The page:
4. Have your business card(no papers) with you to give to the editor/agent at your table, if the opportunity arises. Jot briefly your book title and a line on the back of the card (and genre.) Make sure you have address/phone/email on that card. If you are uncomfortable having that info for just anyone, have the full contact info ones for only the editor/agents or good friends.

5. Have your 30 second pitch(they will probably ask you) and do not hog the table talk time with the agent/editor. Answer questions, but do speak with others at your table, too. Sometimes it is difficult to hear if you are across the table, too, so be aware and be willing to help others at your table to communicate. Think of always being gracious.

6. It may just be sooo important to contact that editor/agent because you've spent so much money for this conference, but I've seen rudeness occur when people will "save" chairs at a table, and even rushing to take the chair ahead of someone else. This isn’t junior high. Be polite and trust that there will be God-incidences happening. Some editors and agents have noticed if you're chair-grabbing and they have good memories (at times.)

7. You never know who “works”for/influences the agent/editor. Be nice to everyone! (You'll be happier if you are, too. It's fun. Try it. It will confuse some people.) I've introduced myself to someone at a conference, and the person said, "Are you anyone? Oh. You're nobody. Ok. Bye." Yes, I'm Nobody, but I do remember names as they cross my desk....

8. No matter how friendly you have become with an agent or editor, be courteous and respect her/him. I saw a whole table "tease" an editor about something this editor "seemed" to be comfortable about, but behind the scenes this person went back to the room to fume/be hurt--and let organizers know about it. Be sensitive. Don't tease or talk about volatile/sensitive issues. Try to put yourself in that person's shoes.

9. There will also be author tables. Don't be disappointed if you get at an author's table. They are "scouts" for publishers and have agents, too. They're also wonderful mentors, and have much to share.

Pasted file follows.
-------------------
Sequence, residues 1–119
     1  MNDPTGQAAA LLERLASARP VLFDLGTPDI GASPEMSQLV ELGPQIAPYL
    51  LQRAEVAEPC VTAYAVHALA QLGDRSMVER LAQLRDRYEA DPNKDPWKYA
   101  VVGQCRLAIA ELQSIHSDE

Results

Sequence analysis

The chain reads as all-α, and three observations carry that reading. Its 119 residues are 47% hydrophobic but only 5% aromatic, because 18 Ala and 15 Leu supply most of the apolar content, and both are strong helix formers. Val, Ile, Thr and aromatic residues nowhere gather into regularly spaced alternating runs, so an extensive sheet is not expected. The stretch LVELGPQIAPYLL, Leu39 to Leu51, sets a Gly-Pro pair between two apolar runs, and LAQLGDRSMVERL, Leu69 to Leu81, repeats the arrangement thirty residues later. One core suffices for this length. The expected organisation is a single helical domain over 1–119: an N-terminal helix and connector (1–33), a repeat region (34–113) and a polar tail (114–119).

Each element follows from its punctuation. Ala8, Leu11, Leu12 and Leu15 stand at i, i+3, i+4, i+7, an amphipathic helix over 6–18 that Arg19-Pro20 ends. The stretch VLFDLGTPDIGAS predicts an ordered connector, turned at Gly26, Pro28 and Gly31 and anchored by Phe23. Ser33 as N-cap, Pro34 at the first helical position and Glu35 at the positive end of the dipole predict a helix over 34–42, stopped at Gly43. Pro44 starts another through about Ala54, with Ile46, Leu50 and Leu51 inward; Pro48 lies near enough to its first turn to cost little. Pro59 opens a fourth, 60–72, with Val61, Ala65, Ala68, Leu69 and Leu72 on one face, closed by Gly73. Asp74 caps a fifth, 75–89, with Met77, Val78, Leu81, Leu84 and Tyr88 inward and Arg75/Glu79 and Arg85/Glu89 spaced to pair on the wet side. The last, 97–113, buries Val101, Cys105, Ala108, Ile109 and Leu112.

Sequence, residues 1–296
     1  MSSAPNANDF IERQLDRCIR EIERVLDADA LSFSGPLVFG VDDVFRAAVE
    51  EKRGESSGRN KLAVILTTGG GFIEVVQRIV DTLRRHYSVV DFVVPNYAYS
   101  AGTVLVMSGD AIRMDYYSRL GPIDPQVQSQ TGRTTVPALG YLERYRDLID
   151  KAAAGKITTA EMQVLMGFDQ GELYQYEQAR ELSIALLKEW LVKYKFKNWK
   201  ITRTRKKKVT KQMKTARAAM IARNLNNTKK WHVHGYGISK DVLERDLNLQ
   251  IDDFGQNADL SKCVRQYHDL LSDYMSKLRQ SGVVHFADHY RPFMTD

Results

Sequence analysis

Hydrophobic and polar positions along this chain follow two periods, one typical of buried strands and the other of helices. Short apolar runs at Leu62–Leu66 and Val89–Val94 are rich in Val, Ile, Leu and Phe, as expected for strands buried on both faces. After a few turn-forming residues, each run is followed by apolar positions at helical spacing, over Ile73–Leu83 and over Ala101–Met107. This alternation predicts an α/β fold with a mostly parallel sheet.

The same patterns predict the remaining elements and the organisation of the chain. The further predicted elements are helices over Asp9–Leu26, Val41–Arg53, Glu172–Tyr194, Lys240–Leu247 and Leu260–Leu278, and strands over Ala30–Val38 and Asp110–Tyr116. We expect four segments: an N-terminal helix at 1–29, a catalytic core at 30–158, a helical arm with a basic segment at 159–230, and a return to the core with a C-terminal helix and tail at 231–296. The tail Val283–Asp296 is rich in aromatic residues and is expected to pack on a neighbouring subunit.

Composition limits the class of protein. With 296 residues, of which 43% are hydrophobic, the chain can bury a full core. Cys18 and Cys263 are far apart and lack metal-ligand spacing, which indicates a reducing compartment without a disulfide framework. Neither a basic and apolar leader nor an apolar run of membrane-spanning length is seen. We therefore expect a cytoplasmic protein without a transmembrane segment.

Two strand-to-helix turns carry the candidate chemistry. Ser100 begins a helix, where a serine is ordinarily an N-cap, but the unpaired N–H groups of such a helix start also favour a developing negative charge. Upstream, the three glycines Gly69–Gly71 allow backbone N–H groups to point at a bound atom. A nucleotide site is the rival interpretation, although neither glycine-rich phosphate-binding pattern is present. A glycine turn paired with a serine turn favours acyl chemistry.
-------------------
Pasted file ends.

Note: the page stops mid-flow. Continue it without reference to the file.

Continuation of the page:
10. Do be aware that the conference is jam-packed and an overload for everyone. Presenters, editors, agents, authors may need a minute to collect thoughts or just need nourishment. Give the host a chance to sit down (do save a chair for the host!) eat a little and maybe even sample the dessert. Each one has an individual personality and will try to lead the table in his own way. He may want to know what you've been reading, what book impacted you this year, or even ask you what you think about green tea! (Yes, I was asked by an editor about that.) I even found an editor once who had attended Taylor University in Upland, Indiana and I ended up not sending her a manuscript, but a tee shirt from Ivanhoe's. (That was fun.)

10-B. Oh, one more thing--lose 5 pounds before you go as food at these things are usually great and you will WANT to eat! (Not to mention the chocolate parties.)

I have found that the ACFW conference has the nicest, most helpful people. One special time was when someone stopped me from being a deer in the headlights as she quickly prayed for me on the way to her own appointment. Don't sit in your room and order room service--get out and be with others who are just as passionate as you are at the meals. When you go into the "cafeteria," even if you are the new kid in school, you'll find a place and it will be the right place, the right time.

Hope to see the Indiana group at breakfast one morning!

Monday, August 02, 2010